More local Realtor associations and MLSs are likely to merge in 2017. But as some high-profile cases show, consolidation does not necessarily last forever and fights between associations can be costly.
More local Realtor associations and MLSs are likely to merge in 2017. But as some high-profile cases show, consolidation does not necessarily last forever, and fights between associations can be costly.
Upon hearing about litigation between associations, some observers may wonder what role their parent, the National Association of Realtors (NAR), plays.
After all, local associations fall under NAR’s umbrella and are required to follow NAR’s rules to keep their professional liability insurance and NAR charter. But the national trade group’s hands, it appears, are mostly tied once a disagreement reaches the litigation stage.
Conflict and competition
Regional MLSs owned by multiple Realtor associations can be especially fertile ground for disputes. Because the National Association of Realtors’ (NAR) “board of choice” policy allows its 1.2 million members to choose which local association to join, such associations often compete for membership.
If one association feels its fellow MLS shareholder (or shareholders) isn’t playing fair, the MLS that agents and brokers depend on can become collateral damage, as evidenced by cases in Florida, California and New York.
Real estate attorney Mitchell Skinner has suggested crucial questions that regional MLS stakeholders should ask themselves to avoid MLS dysfunction.
But when asked about NAR’s role when associations that co-own an MLS brawl, NAR General Counsel Katie Johnson and Vice President of Board Policy Kevin Milligan noted the limits of the trade group’s involvement.
NAR’s involvement and limitations
Associations may file complaints with NAR against their counterparts alleging violations of NAR policy, and a process within NAR addresses such complaints. The trade group does not disclose the contents of the complaints.
But “disputes related to disagreements over interpretation of MLS shareholder agreements [such as those involving San Diego MLS Sandicor and New York’s former Capital Region MLS] are outside the scope of NAR review,” the NAR representatives said in an email.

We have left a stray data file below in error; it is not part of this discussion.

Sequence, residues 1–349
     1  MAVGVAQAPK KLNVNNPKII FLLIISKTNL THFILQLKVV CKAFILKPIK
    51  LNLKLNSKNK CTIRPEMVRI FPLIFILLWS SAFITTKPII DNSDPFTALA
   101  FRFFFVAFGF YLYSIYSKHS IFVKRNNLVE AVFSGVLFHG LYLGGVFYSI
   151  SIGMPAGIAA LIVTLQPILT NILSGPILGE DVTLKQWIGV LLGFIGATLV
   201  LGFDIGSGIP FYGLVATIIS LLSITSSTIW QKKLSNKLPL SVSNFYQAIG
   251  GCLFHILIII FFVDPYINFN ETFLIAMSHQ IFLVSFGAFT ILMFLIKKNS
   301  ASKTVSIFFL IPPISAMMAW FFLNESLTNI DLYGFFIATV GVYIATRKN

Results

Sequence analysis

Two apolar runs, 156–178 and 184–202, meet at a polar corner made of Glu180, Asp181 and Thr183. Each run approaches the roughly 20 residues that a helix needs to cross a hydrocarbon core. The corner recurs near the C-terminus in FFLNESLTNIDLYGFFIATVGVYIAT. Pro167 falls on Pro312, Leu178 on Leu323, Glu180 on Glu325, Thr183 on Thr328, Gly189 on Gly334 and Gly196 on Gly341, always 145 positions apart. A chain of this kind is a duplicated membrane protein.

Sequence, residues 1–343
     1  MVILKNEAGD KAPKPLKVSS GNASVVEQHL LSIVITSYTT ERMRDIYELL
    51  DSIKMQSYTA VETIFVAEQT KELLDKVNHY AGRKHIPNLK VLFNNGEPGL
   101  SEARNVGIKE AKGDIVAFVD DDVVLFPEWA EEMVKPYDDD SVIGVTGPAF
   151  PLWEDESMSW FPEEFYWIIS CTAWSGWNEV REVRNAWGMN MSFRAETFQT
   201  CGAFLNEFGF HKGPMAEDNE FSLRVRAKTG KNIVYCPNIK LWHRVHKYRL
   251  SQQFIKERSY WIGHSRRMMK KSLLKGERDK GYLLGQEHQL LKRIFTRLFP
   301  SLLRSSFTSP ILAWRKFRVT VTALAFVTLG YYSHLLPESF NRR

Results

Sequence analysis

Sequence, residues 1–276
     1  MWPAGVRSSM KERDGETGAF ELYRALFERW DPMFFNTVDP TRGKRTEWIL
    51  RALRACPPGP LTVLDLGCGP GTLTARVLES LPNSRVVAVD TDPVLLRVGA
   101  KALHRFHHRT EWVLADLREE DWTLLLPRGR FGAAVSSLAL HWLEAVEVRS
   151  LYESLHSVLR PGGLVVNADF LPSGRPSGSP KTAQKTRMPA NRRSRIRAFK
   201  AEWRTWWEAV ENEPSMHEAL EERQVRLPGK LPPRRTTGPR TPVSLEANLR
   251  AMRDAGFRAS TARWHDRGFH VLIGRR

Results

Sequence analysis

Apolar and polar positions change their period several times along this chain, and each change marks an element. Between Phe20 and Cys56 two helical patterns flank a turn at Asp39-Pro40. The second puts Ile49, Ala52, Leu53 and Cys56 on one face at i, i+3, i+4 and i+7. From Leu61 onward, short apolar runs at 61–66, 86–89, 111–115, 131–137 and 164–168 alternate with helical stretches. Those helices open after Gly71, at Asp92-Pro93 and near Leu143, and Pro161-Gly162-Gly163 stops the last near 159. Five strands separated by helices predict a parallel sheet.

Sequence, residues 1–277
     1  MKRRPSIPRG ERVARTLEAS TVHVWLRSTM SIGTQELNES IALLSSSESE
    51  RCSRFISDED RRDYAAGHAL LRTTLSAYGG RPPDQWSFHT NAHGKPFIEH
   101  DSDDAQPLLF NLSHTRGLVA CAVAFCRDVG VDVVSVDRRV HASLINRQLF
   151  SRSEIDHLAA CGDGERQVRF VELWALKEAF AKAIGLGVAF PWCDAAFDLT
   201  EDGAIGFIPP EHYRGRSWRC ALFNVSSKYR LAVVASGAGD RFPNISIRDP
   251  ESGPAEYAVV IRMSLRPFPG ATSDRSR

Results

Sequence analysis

Under NAR policy, associations are required to submit to mediation before filing a lawsuit in attempt to resolve their differences. In the case of the associations that owned the Capital Region MLS, this requirement was apparently fulfilled when they went through (unsuccessful) court-ordered mediation.
“NAR makes every effort to work with associations to help them resolve such disputes, including assisting with mediation,” Johnson and Milligan said.
While NAR provides insurance to all Realtor associations and their MLSs, “as associations and MLSs well know, the insurance coverage is not available when associations sue or MLSs sue each other,” they added.
Advice for keeping the peace
To avoid disputes that lead to litigation, Johnson and Milligan suggested MLS shareholder agreements should:
- Define the rights and responsibilities of associations that jointly own and operate an MLS
- Account for specific procedures regarding the dissolution of such MLS ventures, and
- Be carefully reviewed by legal counsel.
Johnson and Milligan also invited MLSs to contact the trade group’s new MLS manager, Caitlin McCrory, with any questions at CMcCrory@realtors.org.
They also noted that a work group comprised of representatives of NAR’s MLS committee and the Council of Multiple Listing Services (CMLS) is currently developing a toolkit with practical resources MLSs can use when they consider consolidating services.
“The group is in the initial planning stage, and we anticipate an update at NAR’s midyear business meeting in May with the toolkit being available sometime in 2017,” they said.